On Friday morning, Stauber told her personally that she would start the biggest game of her life that night. Around that time, friends from Lindenwood set out to drive 16 hours roundtrip to attend.

“You’re going to start it, you’re going to finish it,” Stauber told her, “and we’re going to be world champions at the end of the game.”

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NBC Olympic researcher Alex Azzi contributed to this report from Plymouth.

Allyson Felix withdraws from Prefontaine Classic

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Allyson Felix withdrew on the eve of the Prefontaine Classic and will miss Saturday’s anticipated 400m showdown with Olympic champion Shaunae Miller-Uibo and world champion Phyllis Francis.

No reason was given by the meet director at a Friday press conference, according to media in Eugene, Ore.

Felix, a nine-time Olympic medalist and 16-time world outdoor championships medalist, was scheduled to race on the top international level for the first time since Aug. 20. She has raced in smaller meets this season, most recently last Friday.

This is the one year in the four-year cycle without an Olympics or world outdoor championships, making the Diamond League, and the Pre Classic in particular, marquee meets.

“In the 19 years that I’ve been running track, I’ve never taken a break,” the 32-year-old Felix said in an Instagram video Thursday after an intense training session but before her name was taken off Saturday’s start list. “Never had a year where I took it easy. … Now that this is kind of a year without a championship, I’ve had to force myself to have a different approach because my goal is 2020. … To be able to be at my best when it counts, I think that means not having as intense of a year as I usually do. Being a competitor and an athlete, that’s something that I struggle with. … This year, that’s what I’m really trying to force myself to do is have quality races, quality over quantity. … So, if you guys don’t see me at as many of the races as I usually run, don’t worry, I’m fine, I’m just challenging myself to be smarter.”

Felix will miss the Pre Classic for the second time in the last nine years. She was absent in 2016 with an ankle injury.

The USATF Outdoor Championships are in one month.

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Will Japan’s Olympic legend return for Tokyo 2020?

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NEW YORK — The Tokyo Olympics are in 790 days. Will Japan’s most dominant Olympian compete?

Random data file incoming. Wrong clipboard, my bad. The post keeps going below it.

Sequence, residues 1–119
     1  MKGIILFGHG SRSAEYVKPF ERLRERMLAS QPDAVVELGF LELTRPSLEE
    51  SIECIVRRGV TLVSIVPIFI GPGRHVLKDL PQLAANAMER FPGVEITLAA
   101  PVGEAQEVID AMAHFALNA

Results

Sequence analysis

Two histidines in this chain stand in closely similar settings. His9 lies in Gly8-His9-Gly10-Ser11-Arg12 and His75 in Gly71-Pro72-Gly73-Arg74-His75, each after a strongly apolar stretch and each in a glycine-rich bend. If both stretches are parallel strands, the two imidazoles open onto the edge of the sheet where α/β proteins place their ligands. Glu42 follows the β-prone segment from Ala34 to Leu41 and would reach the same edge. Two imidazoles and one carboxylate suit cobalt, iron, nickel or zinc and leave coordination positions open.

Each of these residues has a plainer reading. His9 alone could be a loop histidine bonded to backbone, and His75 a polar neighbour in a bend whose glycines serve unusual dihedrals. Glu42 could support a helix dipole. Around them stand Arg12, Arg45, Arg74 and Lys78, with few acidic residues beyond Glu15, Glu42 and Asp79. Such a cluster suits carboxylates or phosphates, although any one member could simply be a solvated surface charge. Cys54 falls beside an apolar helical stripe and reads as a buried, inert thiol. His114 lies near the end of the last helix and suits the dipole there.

“She hasn’t decided yet,” a translator said beside wrestler Kaori Icho, who stood in street clothes, some given to her by an American host family, matside at the annual Beat the Streets meet on the edge of the East River on Manhattan last week.

Icho, who turns 34 on June 13, is the only woman to earn an individual gold medal at four Olympics. She has not wrestled in competition since capturing that fourth title in Rio. She has not announced retirement, either.

Icho once held a 13-year winning streak on the mat and owns 10 world championships.

While in New York, Icho did a high school clinic in Brooklyn (one wonders if the students knew they were learning from the greatest of all time), met Olympic and world champion Kyle Snyder (a particular highlight of this trip) and trained with Helen Maroulis before attending the meet as a spectator. In Rio, Maroulis became the first American woman to win an Olympic wrestling title.

Maroulis is familiar with Icho. In 2012, they trained together and drove to a Drake concert in Colorado. They met again in 2014. But last week was different. The most intense training they’ve shared. Their first full practice, said Maroulis, recently cleared from a January concussion.

“I think she’s coming back,” Maroulis said with confidence. Here’s why: “[Icho] busted out the video camera,” Maroulis went on. “Like, hey, can I record practice?

“She feels good. She’s still got it. She’s smaller than she was, obviously, right at the Olympics. She’s amazing. There’s so much to learn from her.”

Icho said through the translator that if she does come back, she would start in the next year rather than leaving it a few months before the Tokyo Games.